In October last year Pete, Liz and I left our home, our family and friends and our youngest daughter to move to Nairobi, Kenya.
Note that I said moved and not just to visit.
There is a huge difference from going somewhere for a couple of months each year to actually packing up and relocating. Sure, people will put up with your habits, idiosyncrasies and weird ways of doing things. Give it 6 months and they may want to quit before you do!
There are days when it is really satisfying, especially when you can help one of the local leaders do their job better, or when a teenager who never talks to you comes up and says ‘Thanks, keep on doing what you’re doing, it’s great’. Other days suck to the max.
You get over every second guy on the street yelling out ‘Muzungu’ (yes I do actually know that I’m white but thanks for pointing it out anyway). Or the traffic is so bad it makes you want to beg the next driver to do you a favour and run you over. Or you just want to be with old friends but know that YOU’VE made the choice to leave them.
Moving country, especially to a developing one, is not for the faint hearted. I think I’ve discovered more about myself than anything else in the 7 months we’ve been in Kenya. I don’t always like what I see, but I hope it’s a passing phase.
Sometimes we just want to escape Nairobi and get away from it all. We do that by going to look at potential water projects out of town. That may mean driving to another country but it’s worth it. Personally, I’m looking forward to going to Tanzania later in the year. It’s only about a 5 hour drive (okay, add another hour at the border) but that’s nothing. We’ve a number of friends there doing stuff like schools and training programs and I think I’m going to enjoy just being with them for a few days.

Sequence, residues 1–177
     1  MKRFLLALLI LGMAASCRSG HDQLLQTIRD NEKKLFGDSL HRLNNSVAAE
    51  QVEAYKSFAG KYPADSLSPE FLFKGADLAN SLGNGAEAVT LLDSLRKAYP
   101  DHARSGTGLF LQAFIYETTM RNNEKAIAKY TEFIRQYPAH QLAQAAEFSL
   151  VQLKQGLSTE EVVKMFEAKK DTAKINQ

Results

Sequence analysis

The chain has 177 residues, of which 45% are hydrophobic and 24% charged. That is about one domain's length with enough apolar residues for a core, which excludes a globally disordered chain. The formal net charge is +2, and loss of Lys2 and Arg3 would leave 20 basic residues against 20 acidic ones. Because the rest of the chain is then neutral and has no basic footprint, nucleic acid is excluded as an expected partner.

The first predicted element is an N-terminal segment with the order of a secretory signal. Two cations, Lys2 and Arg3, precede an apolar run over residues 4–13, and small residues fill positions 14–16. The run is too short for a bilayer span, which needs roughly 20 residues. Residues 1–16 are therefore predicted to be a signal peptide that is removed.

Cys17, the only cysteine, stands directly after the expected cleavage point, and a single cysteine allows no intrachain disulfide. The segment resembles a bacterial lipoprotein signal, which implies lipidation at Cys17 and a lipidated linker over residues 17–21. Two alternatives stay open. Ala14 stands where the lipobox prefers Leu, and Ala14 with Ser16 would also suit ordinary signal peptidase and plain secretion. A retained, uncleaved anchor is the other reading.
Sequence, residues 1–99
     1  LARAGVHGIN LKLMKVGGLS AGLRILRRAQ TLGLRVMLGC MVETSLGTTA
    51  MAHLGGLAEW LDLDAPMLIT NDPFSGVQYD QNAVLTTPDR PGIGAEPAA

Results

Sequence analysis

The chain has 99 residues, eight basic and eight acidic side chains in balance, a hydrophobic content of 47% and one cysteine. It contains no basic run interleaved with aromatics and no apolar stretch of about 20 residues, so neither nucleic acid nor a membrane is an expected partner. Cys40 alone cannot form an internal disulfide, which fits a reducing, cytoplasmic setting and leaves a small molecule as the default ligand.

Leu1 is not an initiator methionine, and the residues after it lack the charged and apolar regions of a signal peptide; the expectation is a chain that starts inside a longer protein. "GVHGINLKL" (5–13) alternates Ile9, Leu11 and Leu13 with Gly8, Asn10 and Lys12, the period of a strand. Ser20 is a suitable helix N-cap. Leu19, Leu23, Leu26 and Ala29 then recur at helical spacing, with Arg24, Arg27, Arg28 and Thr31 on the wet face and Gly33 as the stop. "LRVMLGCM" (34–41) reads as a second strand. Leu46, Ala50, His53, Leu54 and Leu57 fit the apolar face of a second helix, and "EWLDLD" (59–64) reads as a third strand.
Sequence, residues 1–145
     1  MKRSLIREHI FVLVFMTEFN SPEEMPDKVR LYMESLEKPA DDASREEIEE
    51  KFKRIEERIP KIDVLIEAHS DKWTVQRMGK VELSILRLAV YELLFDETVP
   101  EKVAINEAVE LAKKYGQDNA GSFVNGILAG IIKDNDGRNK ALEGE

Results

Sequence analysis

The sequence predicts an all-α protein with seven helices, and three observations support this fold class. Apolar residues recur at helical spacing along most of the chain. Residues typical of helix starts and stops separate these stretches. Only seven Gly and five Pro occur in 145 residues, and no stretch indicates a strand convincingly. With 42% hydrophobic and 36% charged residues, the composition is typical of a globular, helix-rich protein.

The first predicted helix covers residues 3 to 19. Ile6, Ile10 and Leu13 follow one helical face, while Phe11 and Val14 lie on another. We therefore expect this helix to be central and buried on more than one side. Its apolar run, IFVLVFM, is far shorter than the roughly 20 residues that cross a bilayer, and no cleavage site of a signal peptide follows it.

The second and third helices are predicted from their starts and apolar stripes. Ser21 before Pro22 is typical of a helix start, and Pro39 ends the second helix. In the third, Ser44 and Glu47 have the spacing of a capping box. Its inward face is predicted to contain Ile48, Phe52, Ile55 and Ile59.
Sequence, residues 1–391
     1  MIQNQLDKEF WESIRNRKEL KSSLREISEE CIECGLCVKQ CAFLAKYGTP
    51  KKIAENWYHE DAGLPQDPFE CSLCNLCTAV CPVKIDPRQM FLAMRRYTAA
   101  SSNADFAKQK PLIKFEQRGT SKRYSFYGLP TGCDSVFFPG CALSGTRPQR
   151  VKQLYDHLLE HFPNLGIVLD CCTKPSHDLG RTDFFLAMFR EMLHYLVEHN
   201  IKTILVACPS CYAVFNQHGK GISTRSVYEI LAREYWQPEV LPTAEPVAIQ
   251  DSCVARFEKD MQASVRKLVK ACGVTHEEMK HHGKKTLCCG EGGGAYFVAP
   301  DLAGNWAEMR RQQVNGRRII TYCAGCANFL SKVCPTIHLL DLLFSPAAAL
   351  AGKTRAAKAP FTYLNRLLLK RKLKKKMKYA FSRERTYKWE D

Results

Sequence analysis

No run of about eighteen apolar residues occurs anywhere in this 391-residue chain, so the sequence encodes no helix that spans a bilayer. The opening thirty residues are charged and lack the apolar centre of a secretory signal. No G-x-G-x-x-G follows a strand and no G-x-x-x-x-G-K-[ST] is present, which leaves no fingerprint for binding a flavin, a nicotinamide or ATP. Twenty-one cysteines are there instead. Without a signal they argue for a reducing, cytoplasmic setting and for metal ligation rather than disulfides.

While you can’t always escape a situation, you can always do something really out there. For me, it means having a latte. Sure, you can mock, but I’ve never been into coffee so to go and actually pay for one and drink it is a huge thing. Pete and I have found it a way of doing cheap therapy. Mind you, there’s this really nice gluten free brownie that is phenomenal.
Amongst it all, I am truly grateful for what we have right now. We have electricity, which is a bonus, especially since it’s been off for most of the last 3 days. Today, we got curtains for two of the bedrooms. It’s got to beat having a blanket up there. Last week, a very generous business offered us the funds for a car – that is absolutely huge. I love it when I get Facebook messages, text messages or emails from people to let me know they haven’t forgotten we exist.
Thankfulness is a real key to being in a place like Africa. You get to rejoice in the little things – like having access to a flushing toilet or a car that someone lends you. But it’s also being thankful when things don’t go your way. The Bible says to give thanks IN everything, not necessarily for it. I’m not overjoyed when I know that some of the kids in the child sponsorship program are struggling with alcoholic parents, aren’t making it in school or may be married off in their mid teens. But I am thankful that they can actually go to school and get a chance to make their future different.
So, I can sit and whinge that there’s no electricity to cook Pete a nice roast meal, or I can get over myself and get the gas going and put it in a frying pan.